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Litigation means a resort to the Courts for resolution of a problem. Wikipedia says the conduct of a lawsuit is litigation.

It also says:

“A lawsuit is a civil action brought before a court of law in which a plaintiff, a party who claims to have received damages from a defendant’s actions, seeks a legal or equitable remedy. The defendant is required to respond to the plaintiff’s complaint. If the plaintiff is successful, judgment will be given in the plaintiff’s favor, and a range of court orders may be issued to enforce a right, award damages, or impose an injunction to prevent an act or compel an act. A declaratory judgment may be issued to prevent future legal disputes.”

We could go on and on and on about the topic, but this is a blog and we should limit ourselves to the practical.

A typical lawsuit has its origins in a Road Traffic Accident. (“an RTA”). A typical RTA will involve two motor cars. The drivers may have bona fide differing opinions of the causes of the accident. One driver may have sustained more damage than the other. These circumstances may drive the lawsuit.

There are other circumstances that drive a lawsuit. Greed can drive it. Desperation can drive it. Lack of scruples (a sub-set of greed) can drive it. Ambition can drive it.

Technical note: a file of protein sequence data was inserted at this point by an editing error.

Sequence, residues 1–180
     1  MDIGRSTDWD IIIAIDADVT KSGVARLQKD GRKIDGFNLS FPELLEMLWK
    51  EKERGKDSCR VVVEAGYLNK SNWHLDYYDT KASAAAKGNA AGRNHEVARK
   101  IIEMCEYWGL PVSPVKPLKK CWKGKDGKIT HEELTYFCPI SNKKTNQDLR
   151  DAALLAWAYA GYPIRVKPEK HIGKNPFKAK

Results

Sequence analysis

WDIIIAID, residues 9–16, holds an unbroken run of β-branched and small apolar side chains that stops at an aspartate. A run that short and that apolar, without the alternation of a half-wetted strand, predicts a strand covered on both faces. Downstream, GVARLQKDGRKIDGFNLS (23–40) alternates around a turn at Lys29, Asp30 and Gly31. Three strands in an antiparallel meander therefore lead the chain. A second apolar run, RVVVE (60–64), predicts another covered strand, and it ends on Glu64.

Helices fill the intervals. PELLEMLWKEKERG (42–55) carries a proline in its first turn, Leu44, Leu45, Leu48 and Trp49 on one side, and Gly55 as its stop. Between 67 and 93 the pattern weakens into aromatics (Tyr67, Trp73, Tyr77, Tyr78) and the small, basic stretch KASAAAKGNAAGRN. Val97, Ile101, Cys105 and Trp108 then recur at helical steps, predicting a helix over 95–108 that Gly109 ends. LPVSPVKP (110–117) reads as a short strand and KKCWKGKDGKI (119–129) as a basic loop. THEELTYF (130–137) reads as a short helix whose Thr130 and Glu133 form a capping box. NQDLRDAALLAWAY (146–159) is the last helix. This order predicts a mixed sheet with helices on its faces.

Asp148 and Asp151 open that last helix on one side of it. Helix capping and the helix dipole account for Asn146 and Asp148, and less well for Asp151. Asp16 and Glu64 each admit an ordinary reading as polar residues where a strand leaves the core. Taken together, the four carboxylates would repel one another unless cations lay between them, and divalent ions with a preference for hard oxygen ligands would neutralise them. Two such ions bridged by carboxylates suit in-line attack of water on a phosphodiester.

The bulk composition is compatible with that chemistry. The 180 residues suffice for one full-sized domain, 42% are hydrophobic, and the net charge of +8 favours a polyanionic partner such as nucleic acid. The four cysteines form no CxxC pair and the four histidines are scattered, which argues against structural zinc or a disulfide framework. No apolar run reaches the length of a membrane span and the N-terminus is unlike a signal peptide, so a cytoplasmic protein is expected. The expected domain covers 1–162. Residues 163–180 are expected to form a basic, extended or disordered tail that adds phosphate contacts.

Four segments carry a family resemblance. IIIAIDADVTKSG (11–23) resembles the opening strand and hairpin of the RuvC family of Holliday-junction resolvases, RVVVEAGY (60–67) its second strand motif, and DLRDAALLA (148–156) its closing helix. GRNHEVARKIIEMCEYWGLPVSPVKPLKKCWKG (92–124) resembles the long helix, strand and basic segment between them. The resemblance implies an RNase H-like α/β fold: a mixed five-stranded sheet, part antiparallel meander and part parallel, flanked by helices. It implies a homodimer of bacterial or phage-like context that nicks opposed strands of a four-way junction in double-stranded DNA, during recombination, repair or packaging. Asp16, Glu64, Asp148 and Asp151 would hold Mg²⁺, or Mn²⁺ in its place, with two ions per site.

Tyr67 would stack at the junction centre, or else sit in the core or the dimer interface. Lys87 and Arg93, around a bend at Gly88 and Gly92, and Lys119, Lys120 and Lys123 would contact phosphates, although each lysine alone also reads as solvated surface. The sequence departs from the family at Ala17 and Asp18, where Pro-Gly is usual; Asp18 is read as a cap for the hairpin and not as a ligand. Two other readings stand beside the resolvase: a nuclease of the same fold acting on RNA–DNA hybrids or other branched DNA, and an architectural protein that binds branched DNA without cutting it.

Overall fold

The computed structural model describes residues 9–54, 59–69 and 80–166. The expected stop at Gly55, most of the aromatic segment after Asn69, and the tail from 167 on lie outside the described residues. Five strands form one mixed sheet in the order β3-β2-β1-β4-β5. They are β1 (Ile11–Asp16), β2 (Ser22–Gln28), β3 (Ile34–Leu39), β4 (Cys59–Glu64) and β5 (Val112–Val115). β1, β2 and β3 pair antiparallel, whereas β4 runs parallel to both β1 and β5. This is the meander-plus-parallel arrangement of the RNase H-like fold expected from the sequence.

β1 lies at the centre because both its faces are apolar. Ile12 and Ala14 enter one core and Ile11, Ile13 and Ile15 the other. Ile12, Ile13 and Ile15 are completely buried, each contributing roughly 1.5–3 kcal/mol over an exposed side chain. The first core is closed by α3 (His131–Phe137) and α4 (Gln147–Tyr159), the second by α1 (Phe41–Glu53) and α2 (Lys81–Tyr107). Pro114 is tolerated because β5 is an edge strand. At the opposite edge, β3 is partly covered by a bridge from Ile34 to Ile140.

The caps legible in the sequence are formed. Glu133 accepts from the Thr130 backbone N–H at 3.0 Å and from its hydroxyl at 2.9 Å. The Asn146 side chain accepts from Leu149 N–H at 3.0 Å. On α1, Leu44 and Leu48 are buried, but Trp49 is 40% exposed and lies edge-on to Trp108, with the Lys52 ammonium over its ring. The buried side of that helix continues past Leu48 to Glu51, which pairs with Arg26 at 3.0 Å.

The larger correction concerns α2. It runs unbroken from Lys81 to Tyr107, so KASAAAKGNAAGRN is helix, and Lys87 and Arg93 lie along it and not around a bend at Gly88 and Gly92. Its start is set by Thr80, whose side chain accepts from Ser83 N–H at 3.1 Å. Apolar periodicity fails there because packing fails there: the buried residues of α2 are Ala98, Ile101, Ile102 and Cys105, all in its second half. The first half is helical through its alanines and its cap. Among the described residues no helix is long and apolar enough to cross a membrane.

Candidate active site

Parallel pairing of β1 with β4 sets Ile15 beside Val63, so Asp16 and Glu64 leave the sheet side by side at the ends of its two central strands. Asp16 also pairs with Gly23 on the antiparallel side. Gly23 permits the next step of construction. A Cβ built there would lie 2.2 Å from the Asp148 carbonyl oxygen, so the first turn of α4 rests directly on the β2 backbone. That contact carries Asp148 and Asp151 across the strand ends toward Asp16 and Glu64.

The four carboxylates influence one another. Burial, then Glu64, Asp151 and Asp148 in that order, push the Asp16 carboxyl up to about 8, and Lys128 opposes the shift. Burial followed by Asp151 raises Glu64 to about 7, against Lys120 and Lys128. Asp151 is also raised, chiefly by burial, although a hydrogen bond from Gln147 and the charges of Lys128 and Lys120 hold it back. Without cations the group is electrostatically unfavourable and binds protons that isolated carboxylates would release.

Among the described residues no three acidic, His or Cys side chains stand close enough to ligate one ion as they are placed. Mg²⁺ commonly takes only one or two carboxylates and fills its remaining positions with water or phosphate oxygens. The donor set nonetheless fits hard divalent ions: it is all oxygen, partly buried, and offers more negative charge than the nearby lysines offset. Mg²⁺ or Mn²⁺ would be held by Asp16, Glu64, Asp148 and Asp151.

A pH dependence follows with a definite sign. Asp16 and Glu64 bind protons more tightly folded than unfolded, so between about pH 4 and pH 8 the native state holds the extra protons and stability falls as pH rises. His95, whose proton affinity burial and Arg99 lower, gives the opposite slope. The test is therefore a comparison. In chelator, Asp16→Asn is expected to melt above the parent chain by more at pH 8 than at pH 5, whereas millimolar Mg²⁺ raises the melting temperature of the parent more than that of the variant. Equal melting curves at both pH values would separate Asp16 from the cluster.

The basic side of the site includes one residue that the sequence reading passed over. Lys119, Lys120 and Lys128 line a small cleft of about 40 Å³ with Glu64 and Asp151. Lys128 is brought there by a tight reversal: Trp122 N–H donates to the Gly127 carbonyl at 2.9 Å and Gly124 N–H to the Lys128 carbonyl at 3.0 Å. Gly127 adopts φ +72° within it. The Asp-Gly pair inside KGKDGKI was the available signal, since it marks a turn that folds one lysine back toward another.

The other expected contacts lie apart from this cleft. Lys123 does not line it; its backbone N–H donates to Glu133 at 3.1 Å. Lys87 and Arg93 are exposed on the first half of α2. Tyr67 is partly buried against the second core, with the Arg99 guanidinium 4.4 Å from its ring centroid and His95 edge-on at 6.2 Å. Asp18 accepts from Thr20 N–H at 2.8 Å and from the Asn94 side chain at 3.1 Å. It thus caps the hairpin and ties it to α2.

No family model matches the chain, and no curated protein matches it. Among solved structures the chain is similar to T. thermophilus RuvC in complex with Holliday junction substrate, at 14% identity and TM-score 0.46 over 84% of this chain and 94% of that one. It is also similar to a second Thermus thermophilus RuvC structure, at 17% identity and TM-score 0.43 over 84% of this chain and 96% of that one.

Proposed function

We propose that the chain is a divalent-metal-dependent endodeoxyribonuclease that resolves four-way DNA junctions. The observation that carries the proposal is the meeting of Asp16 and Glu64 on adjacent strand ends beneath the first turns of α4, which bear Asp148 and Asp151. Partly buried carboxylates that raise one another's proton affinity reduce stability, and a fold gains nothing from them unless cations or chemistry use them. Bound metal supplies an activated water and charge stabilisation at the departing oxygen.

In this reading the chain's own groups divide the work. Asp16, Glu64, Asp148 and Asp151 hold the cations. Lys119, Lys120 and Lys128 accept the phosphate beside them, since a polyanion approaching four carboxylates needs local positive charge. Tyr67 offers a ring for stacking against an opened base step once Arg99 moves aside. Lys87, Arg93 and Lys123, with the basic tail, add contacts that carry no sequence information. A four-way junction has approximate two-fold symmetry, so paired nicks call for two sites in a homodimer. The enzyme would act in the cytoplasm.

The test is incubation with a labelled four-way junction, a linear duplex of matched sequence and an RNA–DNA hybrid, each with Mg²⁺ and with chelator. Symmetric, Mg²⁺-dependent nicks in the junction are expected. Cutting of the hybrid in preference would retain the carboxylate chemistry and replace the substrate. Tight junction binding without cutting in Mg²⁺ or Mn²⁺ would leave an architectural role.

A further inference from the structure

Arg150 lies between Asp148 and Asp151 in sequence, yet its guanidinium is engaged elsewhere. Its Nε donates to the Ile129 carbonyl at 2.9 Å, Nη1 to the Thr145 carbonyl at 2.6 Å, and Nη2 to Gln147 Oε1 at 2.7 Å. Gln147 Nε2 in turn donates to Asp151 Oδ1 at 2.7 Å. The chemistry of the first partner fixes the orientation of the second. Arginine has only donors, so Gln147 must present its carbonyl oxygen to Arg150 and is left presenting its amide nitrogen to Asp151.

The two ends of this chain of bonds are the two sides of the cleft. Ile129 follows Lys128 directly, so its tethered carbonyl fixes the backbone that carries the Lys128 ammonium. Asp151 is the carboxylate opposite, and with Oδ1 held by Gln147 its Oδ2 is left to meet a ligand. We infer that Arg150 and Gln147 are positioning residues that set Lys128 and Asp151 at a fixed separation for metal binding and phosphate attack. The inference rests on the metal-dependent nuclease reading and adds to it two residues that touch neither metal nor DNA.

Most lawsuits are settled. The judicial system is under-resourced to adjudicate on every lawsuit filed in court.

The statistics in the Annual report of the Courts Service of Ireland do not properly reflect this. Take the figures for the High Court civil cases in 2008. There were 22,861 proceedings issued in that year. Allegedly the court made 25,734 orders and there were 4,631 settlements. These two latter figures are categorized as “Cases disposed of”.

In truth the figures for commencement of proceedings and cases disposed of are unrelated. This is so notwithstanding that most proceedings would still be in being one year after being issued. The Court Service statistics take no account of cases commenced and then discontinued. These cases, more often than not, have been settled.

The litigants, with the assistance of the legal profession, settle their cases. (At lunch-time outside the Law Library).

The implications of this, for litigants, is profound. It implies the process is a rational process (on the whole). It is rational in the way a game of chess is rational. The rules and principles are sufficiently clear and well known that the outcome can be predicted with greater or lesser certainty. It is the function of the judges to preserve the integrity of the rules and, exceptionally, expand on them.

Nevertheless, litigation is uncertain. That may mean it is uncertain to the extent of 10% or 50%. The burden of proof in civil law is on the balance of probabilities. To win, a litigant must persuade a judge that what is alleged by that litigant is, on balance, more likely than what is contended for by the opponent.

Failure to settle a case, or failure to settle until “the door of the court” may be caused by a failure to assess where the balance in the case lies, or it may be evidence of a deferment of settlement to the day of trial to maximize the compensation discount a defendant would like to get from an injured plaintiff.

Whatever the case, those causes are in principle, also assessable.